Under Gaddafi’s rule, Libyan state-owned-media controlled what was presented, when it was presented and who to present it, creating a history of distrust towards media in Libya. Upon the fall of Gaddafi’s regime in 2011, numerous media outlets emerged to replace the state-owned one.

Although the fall of the regime marked the end of media censorship in Libya, my distrust in media, like many Libyans, remained. This was not a surprise because Libyan media were mainly sponsored by local and foreign players in the civil conflict, trying to push political agendas through misinformation, disinformation and rumours.

In 2014, when “home” was declared a war zone, I left. But my family and friends stayed. Although I still did not trust media, it was my only way to see where and how my loved ones lived. Through local and international outlets, all I saw were shattered families, destroyed homes, and a crippling economy. I couldn’t see a future for Libya or my young siblings who were still living there.

As different media outlets bombarded me with negative news about Libya, I discovered El Kul (‘For Everyone’). Through El Kul, I could see a more positive image of Libya, and the possibility of a better future for my siblings. It shared content celebrating achievements and showcasing diversity. And as I watched, my perception and attitude towards Libya’s future changed.

Years later, I became part of this team that introduced me to Libya through a different lens. I now contribute to their work every day in hopes of a brighter future for Libya and its talented and diverse youth.

Mohamed Aljabu is El Kul's digital content producer.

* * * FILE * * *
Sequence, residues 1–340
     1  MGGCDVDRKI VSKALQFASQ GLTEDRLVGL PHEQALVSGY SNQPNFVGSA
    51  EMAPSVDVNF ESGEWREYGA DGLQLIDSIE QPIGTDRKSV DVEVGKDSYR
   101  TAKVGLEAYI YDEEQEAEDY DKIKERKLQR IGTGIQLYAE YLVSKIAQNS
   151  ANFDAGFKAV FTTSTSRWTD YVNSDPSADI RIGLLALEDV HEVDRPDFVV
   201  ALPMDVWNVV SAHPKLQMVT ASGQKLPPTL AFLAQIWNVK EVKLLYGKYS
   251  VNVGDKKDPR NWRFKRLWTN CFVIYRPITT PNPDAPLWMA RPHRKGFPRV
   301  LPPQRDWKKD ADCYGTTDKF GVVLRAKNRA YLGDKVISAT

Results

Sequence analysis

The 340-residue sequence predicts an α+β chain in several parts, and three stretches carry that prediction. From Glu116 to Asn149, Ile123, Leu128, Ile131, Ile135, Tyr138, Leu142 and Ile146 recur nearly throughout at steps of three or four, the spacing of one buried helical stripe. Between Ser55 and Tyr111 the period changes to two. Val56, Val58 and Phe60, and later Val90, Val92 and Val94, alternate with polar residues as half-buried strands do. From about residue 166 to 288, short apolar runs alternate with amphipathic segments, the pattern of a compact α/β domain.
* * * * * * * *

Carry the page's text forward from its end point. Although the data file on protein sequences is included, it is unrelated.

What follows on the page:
Mohamed Aljabu is El Kul's digital content producer. Credit: BBC Media Action

Mohamed Aljabu, Digital Content Producer

I used to think that I had learned all the basics of media from my previous experience in this field. At the age of 18, I started as a television presenter, then a talk show presenter, and gradually became a writer for some Libyan and Arab newspapers. I then pursued my undergraduate and postgraduate studies in media.

Over the past 10 years, I have been involved in editing news, writing articles, conducting investigative journalism, and programme preparation and presentation. When I joined BBC Media Action, first as a trainee and then as a digital content producer, I realised that I had to rethink my goals and aspirations.

Once I started working with the El Kul team, I recognised my creative capabilities and started thinking outside the narrow confines of a traditional box. Previously, I worked in traditional media which echoed official activities and agendas. Now, I am working in a modern media platform that interacts with the audience and serves their goals and aspirations.

I have moved from lengthy and detailed writing, using eloquent and flowery terms, to working in simple recognisable language that touches people's feelings, echoes their thoughts, and meets their expectations. This is the everyday language that everyone understands.

Thanks to BBC Media Action, I have learned how to benefit from technical developments, in order to be influential among young people, and to help my country, which is suffering from the ravages of war. This is what I have been working on for more than a year now. My experience with BBC Media Action has expanded my horizons and pushed me to progress further, as I am still learning from my colleagues and trainers. Our mission is to support our audience to live in greater peace and security.

An El Kul journalist holds a camera preparing to take a photo.
El Kul contributor Wanssa Altamtam prepares to take a photo while on assignment. Photo credit: BBC Media Action